Rebbe with a Cause: Rachel Timoner Preaches Social Justice in Park Slope

The new spiritual leader at Congregation Beth Elohim has big plans for the esteemed synagogue

Rabbi Rachel Timoner took over as senior rabbi at Park Slope's Beth Elohim last July. (Photo: Celeste Sloman/Observer)
Rabbi Rachel Timoner took over as senior rabbi at Park Slope’s Beth Elohim last July. (Photo: Celeste Sloman/Observer)

When revered rabbi Andy Bachman announced that he would step down from leading Park Slope’s Congregation Beth Elohim, there was a collective feeling of grief among synagogue members. Mr. Bachman was a beloved presence at Brooklyn’s 155-year-old Reform temple, whose high-profile congregants include the novelist Jonathan Safran Foer and several New York Times reporters. During his nearly decade-long tenure, Mr. Bachman transformed Beth Elohim into a socially conscious community hub, doubling its membership while establishing several charitable endeavors.

But when Mr. Bachman left last summer to join the 92nd Street Y as director of Jewish content, his former synagogue found a worthy replacement in Rachel Timoner, previously associate rabbi at Leo Baeck Temple in Los Angeles. Though Ms. Timoner has a big pulpit to fill, she is suited to run Beth Elohim, given her extensive background in community organizing, local government and nonprofit consulting.

Ms. Timoner, who is 45, with short brown hair and a warm, welcoming smile, describes herself as a “second-career rabbi.” Before her 2009 ordination, Ms. Timoner acknowledged she was a disaffected Jew. She worked for the San Francisco supervisor Harry Britt, who succeeded Harvey Milk. For 14 years, she served the Castro area—starting, among other initiatives, an LGBT hotline. “No one would have guessed I was going to be a rabbi when I was younger,” she told the Observer recently at her book-lined office behind the sanctuary at Beth Elohim.

Eventually, a spiritual awakening brought her to the rabbinate. “I realized that Jewish life was deeply meaningful to me, and prayer and Torah study was going to be the engine,” she said, adding: “I found that being able to combine Judaism’s teachings around justice, around the obligation to care for the people who are at the margins of society, around poverty—that combination is very powerful.”

Ms. Timoner put her skills to work at Leo Baeck, where, among other things, she helped found Reform CA, a coalition of Reform congregations throughout the state working to raise awareness on issues including affordable housing and immigrant rights.

Ms. Timoner, who lives in Park Slope with her wife and two sons, is eager to attack what she sees as the pressing issues of the day—poverty, racism, violence, deep inequality—with a kind of communitarian approach to Judaism. Outside the synagogue, she has already made connections with some of the city’s most powerful change-makers, including Sen. Chuck Schumer. Last month, she stood next to the putative Democratic Senate leader at a press conference to demand that the Republican-led Congress make permanent tax credits available to working poor families. “The work we are doing at CBE isn’t just exciting and fun—it is also urgent,” she said. “It is necessary in this moment in a world aching for human kindness and moral vision.”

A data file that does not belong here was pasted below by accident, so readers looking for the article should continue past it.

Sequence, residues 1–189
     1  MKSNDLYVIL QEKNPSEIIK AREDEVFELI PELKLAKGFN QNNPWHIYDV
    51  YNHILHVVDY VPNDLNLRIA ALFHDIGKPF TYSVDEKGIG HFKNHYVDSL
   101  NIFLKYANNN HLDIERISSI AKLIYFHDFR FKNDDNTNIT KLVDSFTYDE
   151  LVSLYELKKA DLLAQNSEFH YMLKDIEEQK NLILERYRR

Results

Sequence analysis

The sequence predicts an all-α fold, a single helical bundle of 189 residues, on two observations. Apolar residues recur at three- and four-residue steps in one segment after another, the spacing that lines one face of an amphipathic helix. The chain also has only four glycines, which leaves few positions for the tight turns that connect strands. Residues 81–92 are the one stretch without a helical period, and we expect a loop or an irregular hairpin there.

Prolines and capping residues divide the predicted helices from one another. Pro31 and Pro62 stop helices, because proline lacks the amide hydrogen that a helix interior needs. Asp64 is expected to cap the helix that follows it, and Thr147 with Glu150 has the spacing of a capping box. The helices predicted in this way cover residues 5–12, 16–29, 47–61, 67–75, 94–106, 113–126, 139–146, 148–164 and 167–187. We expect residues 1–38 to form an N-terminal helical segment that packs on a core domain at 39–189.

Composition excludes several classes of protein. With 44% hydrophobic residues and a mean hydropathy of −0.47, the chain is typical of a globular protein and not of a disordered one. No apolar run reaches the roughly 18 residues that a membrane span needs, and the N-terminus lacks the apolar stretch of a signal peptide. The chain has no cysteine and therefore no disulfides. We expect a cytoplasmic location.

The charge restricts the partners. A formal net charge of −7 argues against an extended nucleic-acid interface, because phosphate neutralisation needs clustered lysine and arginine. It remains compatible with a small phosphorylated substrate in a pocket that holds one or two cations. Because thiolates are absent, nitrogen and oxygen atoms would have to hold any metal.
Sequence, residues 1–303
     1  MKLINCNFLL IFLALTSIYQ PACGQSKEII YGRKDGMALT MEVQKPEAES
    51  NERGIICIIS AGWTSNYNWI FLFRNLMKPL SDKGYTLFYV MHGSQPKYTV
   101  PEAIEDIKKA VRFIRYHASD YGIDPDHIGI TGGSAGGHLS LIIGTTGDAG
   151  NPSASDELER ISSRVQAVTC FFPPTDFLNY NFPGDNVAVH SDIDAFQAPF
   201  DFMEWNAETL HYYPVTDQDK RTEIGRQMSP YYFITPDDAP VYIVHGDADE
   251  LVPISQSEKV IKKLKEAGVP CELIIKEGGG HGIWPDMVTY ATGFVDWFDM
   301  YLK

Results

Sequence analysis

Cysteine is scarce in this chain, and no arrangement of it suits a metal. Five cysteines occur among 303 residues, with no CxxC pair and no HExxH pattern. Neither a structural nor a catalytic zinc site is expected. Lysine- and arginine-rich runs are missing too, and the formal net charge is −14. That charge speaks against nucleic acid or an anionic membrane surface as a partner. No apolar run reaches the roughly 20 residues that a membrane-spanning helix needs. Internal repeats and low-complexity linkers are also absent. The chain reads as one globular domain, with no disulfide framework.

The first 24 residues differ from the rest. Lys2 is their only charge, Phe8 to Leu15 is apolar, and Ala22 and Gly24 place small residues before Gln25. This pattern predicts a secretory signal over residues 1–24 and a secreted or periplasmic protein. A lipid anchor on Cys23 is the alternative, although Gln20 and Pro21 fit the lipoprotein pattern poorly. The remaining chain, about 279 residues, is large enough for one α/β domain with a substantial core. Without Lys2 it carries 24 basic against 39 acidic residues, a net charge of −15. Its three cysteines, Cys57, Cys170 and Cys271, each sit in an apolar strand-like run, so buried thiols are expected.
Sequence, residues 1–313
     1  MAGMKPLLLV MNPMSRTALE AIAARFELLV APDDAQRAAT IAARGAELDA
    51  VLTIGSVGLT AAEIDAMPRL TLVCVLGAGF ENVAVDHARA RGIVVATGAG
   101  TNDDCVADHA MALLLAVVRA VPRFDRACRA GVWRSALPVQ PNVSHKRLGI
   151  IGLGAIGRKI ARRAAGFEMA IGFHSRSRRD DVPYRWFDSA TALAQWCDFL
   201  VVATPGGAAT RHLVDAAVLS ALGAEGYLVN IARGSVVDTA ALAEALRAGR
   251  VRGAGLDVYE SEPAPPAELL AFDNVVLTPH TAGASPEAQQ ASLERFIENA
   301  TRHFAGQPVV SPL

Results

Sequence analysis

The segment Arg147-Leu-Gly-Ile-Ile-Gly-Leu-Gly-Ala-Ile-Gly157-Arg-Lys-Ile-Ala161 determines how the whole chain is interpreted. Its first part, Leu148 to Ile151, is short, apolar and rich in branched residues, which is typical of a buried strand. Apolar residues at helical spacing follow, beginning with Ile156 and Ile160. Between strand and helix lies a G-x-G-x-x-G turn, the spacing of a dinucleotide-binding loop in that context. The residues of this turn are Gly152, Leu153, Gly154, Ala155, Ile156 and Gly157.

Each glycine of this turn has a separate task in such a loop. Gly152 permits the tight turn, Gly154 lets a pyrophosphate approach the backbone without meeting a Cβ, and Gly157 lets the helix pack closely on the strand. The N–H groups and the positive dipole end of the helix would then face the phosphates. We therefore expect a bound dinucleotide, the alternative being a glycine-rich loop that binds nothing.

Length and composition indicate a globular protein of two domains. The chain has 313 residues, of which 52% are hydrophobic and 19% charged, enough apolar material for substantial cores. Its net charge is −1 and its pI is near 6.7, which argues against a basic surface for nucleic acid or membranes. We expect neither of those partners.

In February, Toni Morrison will come to the synagogue, as part of its Brooklyn by the Book series, a program spearheaded by Mr. Bachman that Ms. Timoner plans to continue. Ms. Timoner, who is currently teaching a class on prayer in daily life, intends to use Ms. Morrison’s visit as an opportunity to conduct a four-part study series on race in America, in which congregants will read and discuss a number of books on the subject, including Ta-Nehisi Coates’ Between the World and Me and The New Jim Crow by Michelle Alexander. “The purpose of the study,” Ms. Timoner said, “is to gain some clarity about how we can be most helpful in dismantling racism in America.”

Ms. Timoner seems to view the temple as a sort of social organism that evolves over time. During Sukkot, she had a sukkah (a ceremonial hut) built on the sidewalk outside the synagogue on Garfield Place, with a vertical garden inside. She hoped the display would lure curious passersby into the sanctuary, and perhaps change the feelings of those who view the synagogue as a stodgy institution.

Ms. Timoner exudes a quiet, unassuming confidence that is evident both in conversation and in her candid sermons. A humble leader, she views Mr. Bachman’s legacy as a thing to build on, not to erase. The stakes were high this past fall, when Ms. Timoner, in her first few months on the job, led the congregation through the High Holidays. She began the Yom Kippur service by apologizing to synagogue members for little things like not remembering their names and neglecting to tend to their needs as she adjusted to her new life, according to Jodi Kantor, a reporter at The New York Times and a member of Beth Elohim who was involved in recruiting Ms. Timoner.

“It was a deep, sincere, humble apology, and the fact that she was doing it as the leader of the congregation, and at the very start of Yom Kippur, and even in this position that she didn’t have anything to apologize for, struck me as such a moment of leadership,” Ms. Kantor said. “She’s the opposite of the stereotype of the pompous rabbi.”

“She’s really pushed us beyond our comfort zone,” said Rob Raich, the synagogue’s treasurer and executive vice president, “to think about the world beyond us and to think about what community organizing means, but she does that in a way that’s practical and that we can relate to, meeting you where you are, but pushing you beyond your boundaries.”

“The idea,” Ms. Timoner said, “is to surprise people with Judaism.”

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